Fighting For Religious Freedom As Father, Husband, Minister and Gay

By Rev. Paul Brandeis Raushenbush

As we celebrate LGBT History Month and the many strides our community has made over the past decades, we are now confronted with a hostile administration in the White House and an emboldened Religious Right that would undo all of what we have gained.

Religious freedom is the rallying cry of this largely white, Christian political force who recently roared with approval when President Trump claimed evangelicals “are under siege” at the Faith & Family Coalition convention.   Of course, what is really meant by being “under siege” is the fear of being required by law to respect the freedom of others as equal to their own and losing a privileged status that Christians (and white people) have enjoyed for much of our nation’s history.  

To me, LGBT pride is intimately tied into my own understandings of religious liberty as a gay father, husband, and pastor.

Not surprisingly, it starts with Sunday mornings, which are rushed as our two year-old, Walter, is dressed in his chic Sunday best, outshining his schlubby dads as we walk down the street to the ‘children’s service’ at our church. My husband Brad has attended this church for decades and, since leaving my last pulpit, I have been there with him. After twelve years together, the Supreme Court decided our love was worthy of marriage and it was there that Brad and I said “I do” at a religious ceremony. A few years later, our son arrived, and was baptized at the Easter Vigil, alongside other new Christians.

Now we go to church as a family, and although Walter peels off during the boring bits (sermon, prayers, announcements), he’s there for the opening procession and hymns and always back for the Eucharist. We approach the altar as a family, and together we participate in the act of communion. Walter has now learned to say, a bit too loudly, “amen,” and “hallelujah.”

Faith is part of our life, and the freedom to worship openly and without fear is a fundamental promise to the American citizen.

Unfortunately, this freedom — to be as we are, and pray as we wish — is precisely what is so intimidating to others who feel “under siege” now that their  “religious freedom” no longer trumps that of my own family. I’m not sure if leaders promoting this anti-LGBT activism under the guise of religious freedom realize the hurt and the anger their actions provoke and how others will justifiably blame religion for furthering oppression of women and LGBT people.

I will resist their efforts  in the name of protecting my loved ones — both known and unknown — in the LGBT community. I will resist in the name of the victims of the Pulse shooting and the families still experiencing the devastation a year ago this month.  I will resist it in the name of all those who experience degradation and alienation at the hands of religious people with “sincerely held beliefs.” I will also resist it in the name of my faith which calls me to oppose all efforts to discriminate and subordinate others in the name of God.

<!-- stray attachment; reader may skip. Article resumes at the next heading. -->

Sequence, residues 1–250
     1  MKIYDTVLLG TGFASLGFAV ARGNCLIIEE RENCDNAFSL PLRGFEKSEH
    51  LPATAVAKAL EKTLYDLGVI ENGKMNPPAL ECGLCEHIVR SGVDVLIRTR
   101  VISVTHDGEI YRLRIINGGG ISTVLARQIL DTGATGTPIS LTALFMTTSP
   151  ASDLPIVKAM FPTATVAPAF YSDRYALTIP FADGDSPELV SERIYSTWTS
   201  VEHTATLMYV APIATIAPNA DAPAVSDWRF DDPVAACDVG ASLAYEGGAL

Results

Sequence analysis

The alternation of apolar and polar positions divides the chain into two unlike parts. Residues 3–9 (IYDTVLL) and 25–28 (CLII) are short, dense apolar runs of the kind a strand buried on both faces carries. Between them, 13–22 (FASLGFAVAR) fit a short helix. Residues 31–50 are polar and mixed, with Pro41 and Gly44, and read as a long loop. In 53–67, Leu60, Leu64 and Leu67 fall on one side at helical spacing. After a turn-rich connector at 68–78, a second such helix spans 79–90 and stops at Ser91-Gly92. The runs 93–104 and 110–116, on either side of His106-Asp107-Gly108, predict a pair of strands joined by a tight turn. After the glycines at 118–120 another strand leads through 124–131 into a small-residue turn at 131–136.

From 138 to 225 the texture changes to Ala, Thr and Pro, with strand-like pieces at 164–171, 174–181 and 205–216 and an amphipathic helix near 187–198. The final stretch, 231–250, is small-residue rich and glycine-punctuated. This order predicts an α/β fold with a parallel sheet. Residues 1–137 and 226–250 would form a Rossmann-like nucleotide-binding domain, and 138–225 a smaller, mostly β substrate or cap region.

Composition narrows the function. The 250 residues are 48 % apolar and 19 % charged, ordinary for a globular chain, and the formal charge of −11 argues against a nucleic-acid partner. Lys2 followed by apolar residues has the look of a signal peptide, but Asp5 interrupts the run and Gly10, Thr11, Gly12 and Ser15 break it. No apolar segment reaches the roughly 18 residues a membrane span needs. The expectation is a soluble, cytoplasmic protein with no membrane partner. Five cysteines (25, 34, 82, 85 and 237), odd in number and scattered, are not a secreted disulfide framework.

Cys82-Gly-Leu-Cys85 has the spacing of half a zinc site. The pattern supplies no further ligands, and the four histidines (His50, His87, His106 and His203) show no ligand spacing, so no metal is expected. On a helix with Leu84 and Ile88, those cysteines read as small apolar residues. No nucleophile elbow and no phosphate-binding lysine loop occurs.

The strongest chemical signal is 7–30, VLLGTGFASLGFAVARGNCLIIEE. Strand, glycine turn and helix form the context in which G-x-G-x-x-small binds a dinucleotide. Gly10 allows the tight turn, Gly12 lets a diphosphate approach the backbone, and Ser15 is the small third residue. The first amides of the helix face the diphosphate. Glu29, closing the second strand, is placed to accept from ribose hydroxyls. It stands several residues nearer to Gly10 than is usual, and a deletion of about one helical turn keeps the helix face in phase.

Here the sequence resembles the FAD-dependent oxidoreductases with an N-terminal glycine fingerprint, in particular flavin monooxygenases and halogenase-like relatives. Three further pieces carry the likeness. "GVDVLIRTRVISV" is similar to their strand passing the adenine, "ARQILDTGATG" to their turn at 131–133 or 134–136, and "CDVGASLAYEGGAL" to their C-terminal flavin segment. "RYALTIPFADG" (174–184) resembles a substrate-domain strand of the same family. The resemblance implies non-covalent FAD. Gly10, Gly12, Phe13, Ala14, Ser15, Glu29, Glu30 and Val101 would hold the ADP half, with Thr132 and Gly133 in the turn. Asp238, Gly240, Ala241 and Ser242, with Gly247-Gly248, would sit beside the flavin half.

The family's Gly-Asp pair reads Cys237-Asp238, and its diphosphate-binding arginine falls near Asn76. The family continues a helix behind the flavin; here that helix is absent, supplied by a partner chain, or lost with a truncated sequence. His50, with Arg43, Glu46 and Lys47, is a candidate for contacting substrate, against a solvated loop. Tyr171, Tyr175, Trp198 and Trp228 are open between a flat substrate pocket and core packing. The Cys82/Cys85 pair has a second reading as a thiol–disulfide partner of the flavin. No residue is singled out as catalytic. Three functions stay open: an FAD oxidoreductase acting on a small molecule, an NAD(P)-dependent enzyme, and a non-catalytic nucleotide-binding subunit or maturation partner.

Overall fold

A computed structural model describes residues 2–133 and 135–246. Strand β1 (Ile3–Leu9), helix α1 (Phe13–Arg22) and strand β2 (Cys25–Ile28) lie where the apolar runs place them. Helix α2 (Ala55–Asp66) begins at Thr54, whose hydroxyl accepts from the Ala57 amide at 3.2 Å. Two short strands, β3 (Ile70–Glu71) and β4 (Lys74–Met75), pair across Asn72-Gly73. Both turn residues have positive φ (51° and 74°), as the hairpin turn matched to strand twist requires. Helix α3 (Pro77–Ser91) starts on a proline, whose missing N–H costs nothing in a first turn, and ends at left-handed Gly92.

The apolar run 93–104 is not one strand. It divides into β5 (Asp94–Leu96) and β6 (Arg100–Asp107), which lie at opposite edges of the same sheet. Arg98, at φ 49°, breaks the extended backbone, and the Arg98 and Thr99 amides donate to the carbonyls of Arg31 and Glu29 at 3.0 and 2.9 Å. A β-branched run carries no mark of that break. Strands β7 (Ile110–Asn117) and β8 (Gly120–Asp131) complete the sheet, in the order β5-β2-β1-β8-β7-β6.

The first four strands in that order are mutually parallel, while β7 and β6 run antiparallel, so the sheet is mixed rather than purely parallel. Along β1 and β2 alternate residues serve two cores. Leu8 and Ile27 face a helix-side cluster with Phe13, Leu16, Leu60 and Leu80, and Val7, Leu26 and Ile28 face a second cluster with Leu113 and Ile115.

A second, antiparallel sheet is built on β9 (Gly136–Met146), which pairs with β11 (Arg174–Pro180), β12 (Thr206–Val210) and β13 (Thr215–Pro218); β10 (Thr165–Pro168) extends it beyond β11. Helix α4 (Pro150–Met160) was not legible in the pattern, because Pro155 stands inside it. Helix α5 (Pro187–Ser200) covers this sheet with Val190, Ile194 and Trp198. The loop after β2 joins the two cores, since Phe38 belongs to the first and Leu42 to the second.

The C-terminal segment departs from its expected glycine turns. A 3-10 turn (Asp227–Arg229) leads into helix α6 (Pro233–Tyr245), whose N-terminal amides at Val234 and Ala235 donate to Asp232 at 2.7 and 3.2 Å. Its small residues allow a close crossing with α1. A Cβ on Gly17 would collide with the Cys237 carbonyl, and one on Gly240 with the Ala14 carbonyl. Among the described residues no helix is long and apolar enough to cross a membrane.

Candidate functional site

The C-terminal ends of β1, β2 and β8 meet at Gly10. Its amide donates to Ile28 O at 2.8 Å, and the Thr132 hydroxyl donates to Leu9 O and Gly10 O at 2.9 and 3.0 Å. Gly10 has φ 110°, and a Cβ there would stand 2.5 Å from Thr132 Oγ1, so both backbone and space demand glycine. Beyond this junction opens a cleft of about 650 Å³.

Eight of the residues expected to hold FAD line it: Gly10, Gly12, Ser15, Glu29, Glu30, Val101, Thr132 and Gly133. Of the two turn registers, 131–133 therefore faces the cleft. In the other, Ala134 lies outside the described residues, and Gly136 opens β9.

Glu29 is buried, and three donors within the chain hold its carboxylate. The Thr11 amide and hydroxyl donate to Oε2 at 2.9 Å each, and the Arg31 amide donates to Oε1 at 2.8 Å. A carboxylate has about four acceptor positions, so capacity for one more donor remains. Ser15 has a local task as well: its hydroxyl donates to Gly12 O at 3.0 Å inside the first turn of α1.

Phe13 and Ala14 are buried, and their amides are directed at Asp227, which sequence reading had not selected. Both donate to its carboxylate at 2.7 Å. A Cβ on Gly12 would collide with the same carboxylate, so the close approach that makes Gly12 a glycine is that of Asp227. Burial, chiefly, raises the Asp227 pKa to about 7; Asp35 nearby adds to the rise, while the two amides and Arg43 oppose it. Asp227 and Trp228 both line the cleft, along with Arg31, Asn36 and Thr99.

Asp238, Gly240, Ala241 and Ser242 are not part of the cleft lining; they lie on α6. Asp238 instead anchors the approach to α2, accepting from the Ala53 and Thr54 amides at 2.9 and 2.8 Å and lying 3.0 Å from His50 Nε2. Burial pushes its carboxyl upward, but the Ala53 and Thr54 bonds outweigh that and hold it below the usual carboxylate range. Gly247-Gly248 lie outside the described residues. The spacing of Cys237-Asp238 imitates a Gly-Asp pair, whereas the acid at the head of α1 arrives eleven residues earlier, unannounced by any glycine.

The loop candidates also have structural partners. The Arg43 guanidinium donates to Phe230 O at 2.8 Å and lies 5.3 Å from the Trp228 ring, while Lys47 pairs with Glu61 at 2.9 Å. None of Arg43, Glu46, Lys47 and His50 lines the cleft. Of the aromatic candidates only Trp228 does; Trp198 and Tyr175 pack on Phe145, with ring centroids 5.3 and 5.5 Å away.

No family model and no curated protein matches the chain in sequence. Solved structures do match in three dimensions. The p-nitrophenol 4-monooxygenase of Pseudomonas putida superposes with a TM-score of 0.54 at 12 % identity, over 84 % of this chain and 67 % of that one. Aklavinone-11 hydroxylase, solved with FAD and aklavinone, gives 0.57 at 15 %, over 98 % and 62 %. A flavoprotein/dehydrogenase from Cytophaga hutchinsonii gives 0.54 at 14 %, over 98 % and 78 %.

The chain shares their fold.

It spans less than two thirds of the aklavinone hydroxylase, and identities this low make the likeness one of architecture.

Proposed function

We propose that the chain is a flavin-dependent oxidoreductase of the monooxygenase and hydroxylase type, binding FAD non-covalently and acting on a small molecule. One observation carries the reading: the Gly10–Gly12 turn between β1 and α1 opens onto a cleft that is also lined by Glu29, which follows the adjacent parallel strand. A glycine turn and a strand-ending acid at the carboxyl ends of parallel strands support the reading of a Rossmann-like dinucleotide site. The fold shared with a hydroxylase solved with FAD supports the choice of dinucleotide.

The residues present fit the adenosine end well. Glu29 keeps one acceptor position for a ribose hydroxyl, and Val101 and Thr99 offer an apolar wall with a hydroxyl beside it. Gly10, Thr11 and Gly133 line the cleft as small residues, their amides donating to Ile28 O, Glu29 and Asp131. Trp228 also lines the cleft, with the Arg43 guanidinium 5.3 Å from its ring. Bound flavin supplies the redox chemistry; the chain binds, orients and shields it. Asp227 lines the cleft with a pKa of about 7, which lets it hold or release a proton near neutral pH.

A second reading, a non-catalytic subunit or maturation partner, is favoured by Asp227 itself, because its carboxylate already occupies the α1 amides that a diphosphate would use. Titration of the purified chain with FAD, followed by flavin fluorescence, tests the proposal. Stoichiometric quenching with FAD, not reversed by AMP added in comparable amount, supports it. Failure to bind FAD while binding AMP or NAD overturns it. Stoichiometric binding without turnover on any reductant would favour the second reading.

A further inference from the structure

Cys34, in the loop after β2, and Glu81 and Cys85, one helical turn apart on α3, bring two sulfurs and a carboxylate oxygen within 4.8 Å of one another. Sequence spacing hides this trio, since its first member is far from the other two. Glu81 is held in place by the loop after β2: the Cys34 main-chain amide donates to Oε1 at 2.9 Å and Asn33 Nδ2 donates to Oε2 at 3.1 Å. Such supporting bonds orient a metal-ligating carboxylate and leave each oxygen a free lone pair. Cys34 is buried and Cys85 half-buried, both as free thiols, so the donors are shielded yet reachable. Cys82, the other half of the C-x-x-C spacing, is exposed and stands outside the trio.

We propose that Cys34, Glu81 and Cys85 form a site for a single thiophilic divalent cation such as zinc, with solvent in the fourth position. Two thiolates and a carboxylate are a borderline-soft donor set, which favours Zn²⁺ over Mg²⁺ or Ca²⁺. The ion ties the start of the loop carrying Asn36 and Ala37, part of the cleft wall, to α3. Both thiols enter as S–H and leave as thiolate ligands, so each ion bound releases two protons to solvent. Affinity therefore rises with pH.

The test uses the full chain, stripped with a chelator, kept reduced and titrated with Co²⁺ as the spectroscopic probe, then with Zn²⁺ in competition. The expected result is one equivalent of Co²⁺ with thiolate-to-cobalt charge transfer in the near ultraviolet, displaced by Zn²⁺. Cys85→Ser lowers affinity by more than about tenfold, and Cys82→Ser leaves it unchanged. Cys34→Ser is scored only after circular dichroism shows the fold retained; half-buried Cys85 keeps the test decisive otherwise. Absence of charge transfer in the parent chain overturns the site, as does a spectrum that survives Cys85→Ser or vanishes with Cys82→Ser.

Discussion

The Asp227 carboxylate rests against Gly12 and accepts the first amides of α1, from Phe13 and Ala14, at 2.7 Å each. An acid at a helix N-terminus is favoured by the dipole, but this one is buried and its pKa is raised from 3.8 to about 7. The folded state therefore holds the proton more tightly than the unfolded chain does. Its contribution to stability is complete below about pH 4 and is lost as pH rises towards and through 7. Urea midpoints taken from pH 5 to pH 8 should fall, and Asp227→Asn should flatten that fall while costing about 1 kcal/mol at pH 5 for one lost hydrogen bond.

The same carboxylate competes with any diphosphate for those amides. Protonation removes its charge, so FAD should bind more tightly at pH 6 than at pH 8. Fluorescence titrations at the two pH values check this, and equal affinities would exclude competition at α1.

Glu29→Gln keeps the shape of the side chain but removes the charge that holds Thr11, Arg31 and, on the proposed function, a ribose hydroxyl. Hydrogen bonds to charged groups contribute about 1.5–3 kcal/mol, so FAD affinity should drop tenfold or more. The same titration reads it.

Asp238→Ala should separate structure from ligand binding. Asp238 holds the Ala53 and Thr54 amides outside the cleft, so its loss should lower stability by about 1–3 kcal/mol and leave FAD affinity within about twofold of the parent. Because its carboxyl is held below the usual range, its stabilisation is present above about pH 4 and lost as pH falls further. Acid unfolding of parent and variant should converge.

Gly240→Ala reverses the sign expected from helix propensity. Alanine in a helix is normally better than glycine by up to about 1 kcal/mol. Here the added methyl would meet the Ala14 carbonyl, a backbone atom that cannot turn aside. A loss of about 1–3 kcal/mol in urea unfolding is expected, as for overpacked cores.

Religious freedom is a foundational principle of our country and is something we  all can and should hold sacred. It is one of the things that really does makes America great. In the basic DNA of our nation is the right of any person to believe (or not) and worship (or not) anything they want.

While I think they are wrong,  I respect the rights of those religious people who fawned over Trump at the convention and even roared their approval when he talked about leaving the Paris Climate Change Agreement.

They can pray any way they want and to whatever god they worship.

But when one person’s religious beliefs turn into actions that trample on the dignity of another citizen and impede another person’s right to life, liberty, and the pursuit of happiness, ‘freedom of religion’ morphs into deified discrimination. And unfortunately, America has a long history of people using religion to legitimate abhorrent and blasphemous treatment of others.  

Those yelling loudest for this so called “religious freedom” are captives to fear. They fear my family’s religious freedom to be ourselves, and they fear the way it will affect religion itself as they witness more and more Christians coming to realize that supporting women’s reproductive health and LGBT equality (as well as welcoming the refugee and our Muslim neighbors) is part of being faithful in the 21st century. A recent poll shows that, aside from the White Evangelical community, all other Christian groups in America oppose the rights of businesses to refuse service to LGBT people.

What we are witnessing now in America is a deep division within religion itself, and I will stand on the side of love and inclusion.

We  fight for an LGBT freedom that goes hand-in-hand with religious freedom. We fight not only for the future of our country, but to truly be the land of liberty and justice for all. We fight for our faith, that Christianity might be known not for control and restriction, but as a force for justice, for liberation and love.

Most of all, I’m going to fight for my family – for Walter and Brad — so that our son might know that love is love is love is love, and we are not going backwards. Our family will be respected, we will have dignity, and we will be free.

Rev. Paul Brandeis Raushenbush is Senior Vice President at Auburn Seminary and Editor of Voices.

Recommended Posts